Apart from that, our food was as nearly as possible what we would have eaten in England, except for more curries and fewer salads. New dishes were stuffed “brinjals” (aubergines) and "humph" which was a cow's hump. It was good, solid, salted beef which we enjoyed very much. When buying a leg of lamb we always chose one with its foot left on because goat was often passed off as lamb or mutton. After the cook had gone and the children had been put to bed mother and father made tea with the Primus and had tea and biscuits on the verandah in the dark. It was cooler by then. After a while I was promoted to stay up for tea with them. It was a great honour! All drinking water had to be boiled ad cooled in a chatti, an earthenware pitcher standing in another pot of cold water. There were no refrigerators then. Butter and milk were similarly kept cool. The butter and milk were similarly kept cool. The butter and milk were bought twice a day from the government dairy and bread was obtained from the government bakery.


Our dog Nutty had joined us on our first day in Lahore. He was given to father by a soldier who was going back to England. It was a common practice for soldiers to keep dogs as pets and guard dogs. They were allowed to sleep in the barrack rooms and food was no problem as they could be fed on beef. Nutty was a mongrel, but he was a beautiful dog, much bigger than a retriever, with a smooth, silky, nut-brown coat. He had a furrowed forehead, and so we thought there must be some bloodhound in his ancestry. The first night he was kept tied up on the veranda because he howled mournfully and incessantly, in the morning he was gone leaving a broken rope behind. A little later his previous owner bought him back, and this time Nutty agreed to stay. He gradually settled down and became as fond of us as we were of him. His favourite trick was to pull the ribbons off my plaits and run off with them, with me in hot pursuit. He chose to sleep in my bedroom. One night I was awakened by Nutty’s growling. H1s teeth were bared and the hair on the back of his neck was standing on end. This was a very different beast from the normally gentle Nutty. Then I saw a stick poking through the latch of the door, trying to lift the heavy bar which was the only means of fastening the door. I shouted for father and he ran out at once, but could see nothing. The loose waliahs(2011 wallah) (burglars) had probably reached the cover of nearby trees.


These great times were full of wild life. There were tree rats, like squirrels, brilliant parakeets, minah birds, cross end kite hawks. Kite hawks swooped down on any food they could see. Cooks used to run across with the food to avoid them and the children never ate outside for fear of attack. Bob’s hand was badly gashed one day while he was holding some fruit. At night we used to hear the jackals howling, a most eerie sound. They came close in to raid the dustbins. We seldom saw them in the daytime. Animals were no trouble to us but insects certainly were.The bungalow had no ceiling and enormous spiders used to drop down on us. As far as I know, they were harmless but they were most unpleasant. Scorpions had to be given a very wide birth. One day the cook came running to mother with a scorpion hanging on to his hand. He had been wiping the cookhouse table and had not seen the scorpion until it was too late. Mother took him by the arm and rushed him to the hospital at top speed and he was dealt with immediately. He might have died if he had not had medical attention at once. There were black ants, white ants, beetles, flies, mosquitoes and other pests which had to be kept in subjection with insect sprays. When the locusts came it was an incredible sight. The sky suddenly turned black with swarms of them. Then they landed and in a few minutes there was not a trace of vegetation left, not a blade of grass. The attack was over and the ground was covered with dead locusts. After the scorpion episode Nanak brought his wife and two little boys to see us. His wife was a pretty young girl who shyly hung her head and the children were plump and jolly. Poor, incompetent Nanek was very fond of all of us. Especially Bob. "Bobbie is a teak chotah waliah”,(2011 chota wallah, another spelling, is a “little guy") he would say, carrying him about on his shoulder. The children in the family returned his affection. All the Indian servants that we had were affectionate to chl1dren. I think it must be an Indian characteristic. It was marvellous for the children but for parents there could be emotional blackmail if they were soft hearted, as ours were, and incompetent servants quickly became unsackable. Another form of blackmail was that Nanak said that he was a Christian and that Christians were persecuted in the bazaar. We felt sorry for him at first but we later gathered that he had no religion and therefore was free to eat any food, Hindu, Moslem, or ours, especially ours. We learned to accept the minor pilfering of food as a way of life.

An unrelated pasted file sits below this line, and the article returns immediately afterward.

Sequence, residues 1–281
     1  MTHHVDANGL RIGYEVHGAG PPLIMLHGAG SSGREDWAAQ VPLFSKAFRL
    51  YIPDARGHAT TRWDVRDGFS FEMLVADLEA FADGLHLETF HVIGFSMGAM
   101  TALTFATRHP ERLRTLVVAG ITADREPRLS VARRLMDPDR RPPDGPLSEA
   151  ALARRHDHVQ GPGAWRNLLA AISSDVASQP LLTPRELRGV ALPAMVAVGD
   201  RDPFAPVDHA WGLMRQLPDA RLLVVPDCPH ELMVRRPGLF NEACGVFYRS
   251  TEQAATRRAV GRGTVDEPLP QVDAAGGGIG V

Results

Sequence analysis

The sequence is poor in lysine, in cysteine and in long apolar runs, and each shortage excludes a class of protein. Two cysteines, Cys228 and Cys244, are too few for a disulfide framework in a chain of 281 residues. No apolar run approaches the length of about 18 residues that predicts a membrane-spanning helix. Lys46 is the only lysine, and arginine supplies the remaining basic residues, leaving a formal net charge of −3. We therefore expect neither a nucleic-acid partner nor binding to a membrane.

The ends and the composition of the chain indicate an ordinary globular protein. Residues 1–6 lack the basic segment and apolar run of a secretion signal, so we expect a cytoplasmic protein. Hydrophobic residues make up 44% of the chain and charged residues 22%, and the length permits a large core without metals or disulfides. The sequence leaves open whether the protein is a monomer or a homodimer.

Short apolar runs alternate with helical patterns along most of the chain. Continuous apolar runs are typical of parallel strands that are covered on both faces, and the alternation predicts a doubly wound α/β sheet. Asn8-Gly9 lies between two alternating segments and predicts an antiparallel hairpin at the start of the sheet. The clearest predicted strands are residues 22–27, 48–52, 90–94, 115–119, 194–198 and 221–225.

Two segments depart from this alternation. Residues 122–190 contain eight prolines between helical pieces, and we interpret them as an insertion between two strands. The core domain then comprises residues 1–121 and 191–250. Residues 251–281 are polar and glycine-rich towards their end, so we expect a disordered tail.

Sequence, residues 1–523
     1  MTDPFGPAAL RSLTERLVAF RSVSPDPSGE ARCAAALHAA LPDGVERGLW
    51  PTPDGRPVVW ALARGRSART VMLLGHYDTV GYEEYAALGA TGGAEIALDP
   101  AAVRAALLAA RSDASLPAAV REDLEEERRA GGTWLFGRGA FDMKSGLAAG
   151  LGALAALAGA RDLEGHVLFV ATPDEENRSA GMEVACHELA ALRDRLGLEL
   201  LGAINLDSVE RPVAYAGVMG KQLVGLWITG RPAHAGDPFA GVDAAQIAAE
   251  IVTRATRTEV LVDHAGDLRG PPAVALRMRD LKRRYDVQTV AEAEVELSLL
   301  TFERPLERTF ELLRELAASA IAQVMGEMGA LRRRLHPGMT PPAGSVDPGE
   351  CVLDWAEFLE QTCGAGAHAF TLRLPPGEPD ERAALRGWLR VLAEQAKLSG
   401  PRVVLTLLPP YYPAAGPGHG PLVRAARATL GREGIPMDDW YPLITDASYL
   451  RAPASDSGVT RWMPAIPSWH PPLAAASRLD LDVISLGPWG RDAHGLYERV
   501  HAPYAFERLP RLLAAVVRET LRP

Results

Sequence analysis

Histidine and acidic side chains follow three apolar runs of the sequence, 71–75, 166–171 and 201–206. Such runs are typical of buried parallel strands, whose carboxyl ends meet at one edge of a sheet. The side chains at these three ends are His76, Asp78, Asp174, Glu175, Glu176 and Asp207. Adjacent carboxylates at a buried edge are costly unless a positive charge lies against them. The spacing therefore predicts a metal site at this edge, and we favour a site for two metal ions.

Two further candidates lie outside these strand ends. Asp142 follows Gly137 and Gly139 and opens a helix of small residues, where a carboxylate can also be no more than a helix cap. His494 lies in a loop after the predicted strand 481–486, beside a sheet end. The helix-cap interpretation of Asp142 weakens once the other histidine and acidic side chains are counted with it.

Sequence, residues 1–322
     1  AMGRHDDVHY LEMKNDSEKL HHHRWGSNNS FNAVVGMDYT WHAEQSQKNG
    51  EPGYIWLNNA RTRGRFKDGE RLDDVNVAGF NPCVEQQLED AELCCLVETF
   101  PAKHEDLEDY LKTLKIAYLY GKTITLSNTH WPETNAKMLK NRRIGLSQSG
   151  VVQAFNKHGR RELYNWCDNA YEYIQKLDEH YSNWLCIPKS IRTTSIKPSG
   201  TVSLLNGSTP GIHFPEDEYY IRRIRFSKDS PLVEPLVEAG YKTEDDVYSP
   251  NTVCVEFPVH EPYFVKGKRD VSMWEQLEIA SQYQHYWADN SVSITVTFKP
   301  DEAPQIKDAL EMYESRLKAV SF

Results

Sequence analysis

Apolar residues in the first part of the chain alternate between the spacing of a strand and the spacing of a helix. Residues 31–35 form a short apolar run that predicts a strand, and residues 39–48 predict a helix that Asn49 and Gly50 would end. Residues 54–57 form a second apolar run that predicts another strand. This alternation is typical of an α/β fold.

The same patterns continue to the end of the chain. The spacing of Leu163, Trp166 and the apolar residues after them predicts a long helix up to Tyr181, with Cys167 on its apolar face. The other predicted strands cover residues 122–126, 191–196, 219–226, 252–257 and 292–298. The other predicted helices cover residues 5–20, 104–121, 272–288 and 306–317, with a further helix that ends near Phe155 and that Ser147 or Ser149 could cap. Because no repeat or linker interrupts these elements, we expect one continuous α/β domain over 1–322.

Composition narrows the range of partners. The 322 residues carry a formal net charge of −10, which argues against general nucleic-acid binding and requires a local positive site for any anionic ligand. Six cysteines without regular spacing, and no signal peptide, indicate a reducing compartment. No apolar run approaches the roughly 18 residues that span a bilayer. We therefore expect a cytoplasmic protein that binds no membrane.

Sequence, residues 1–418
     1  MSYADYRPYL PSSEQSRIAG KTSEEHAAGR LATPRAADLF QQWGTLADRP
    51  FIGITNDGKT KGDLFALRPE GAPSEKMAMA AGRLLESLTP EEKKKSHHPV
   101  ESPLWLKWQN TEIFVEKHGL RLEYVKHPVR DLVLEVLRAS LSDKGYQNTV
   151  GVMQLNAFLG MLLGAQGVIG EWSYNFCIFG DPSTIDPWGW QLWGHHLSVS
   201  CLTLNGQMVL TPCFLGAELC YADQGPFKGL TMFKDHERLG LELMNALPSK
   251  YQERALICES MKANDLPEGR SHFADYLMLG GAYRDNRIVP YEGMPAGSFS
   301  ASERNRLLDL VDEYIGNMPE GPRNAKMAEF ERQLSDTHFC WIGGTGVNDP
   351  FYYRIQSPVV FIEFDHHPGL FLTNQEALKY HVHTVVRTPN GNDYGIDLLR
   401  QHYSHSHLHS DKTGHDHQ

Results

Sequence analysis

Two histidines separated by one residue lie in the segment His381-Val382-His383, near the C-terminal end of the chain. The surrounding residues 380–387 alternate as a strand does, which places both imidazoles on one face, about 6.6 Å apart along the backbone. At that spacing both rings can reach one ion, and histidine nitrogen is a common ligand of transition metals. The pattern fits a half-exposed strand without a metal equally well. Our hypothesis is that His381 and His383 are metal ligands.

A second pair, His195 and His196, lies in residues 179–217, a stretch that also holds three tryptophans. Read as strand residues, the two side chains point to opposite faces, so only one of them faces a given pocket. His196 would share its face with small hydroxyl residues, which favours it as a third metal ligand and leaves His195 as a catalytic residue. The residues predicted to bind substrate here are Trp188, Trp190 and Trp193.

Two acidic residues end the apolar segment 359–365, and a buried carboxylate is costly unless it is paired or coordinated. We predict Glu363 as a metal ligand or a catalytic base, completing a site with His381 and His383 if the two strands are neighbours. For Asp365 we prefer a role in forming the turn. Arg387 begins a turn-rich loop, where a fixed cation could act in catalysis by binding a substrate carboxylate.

When we first arrived father had said that we must be polite to the servants, and we all were. But many people were not. They shouted and swore at their servants. I heard them as I passed their quarters. Some even kicked. I saw that too. Some of the privateers, proud of having servants for the first and only time in their lives, were the worst offenders. The cantonment where we lived was an army camp, clean and whitewashed, but unromantic. For a change we sometimes went to the city of Lahore. We travelled by tonga along the Mell, which I remember as a beautiful road with grass, shrubs and roses on either side. The gardens were well maintained by melis, Indian gardeners. We first came to the European part of the city where there were wide streets, good shops of all kinds, hotels, cafes and beautiful bungalows.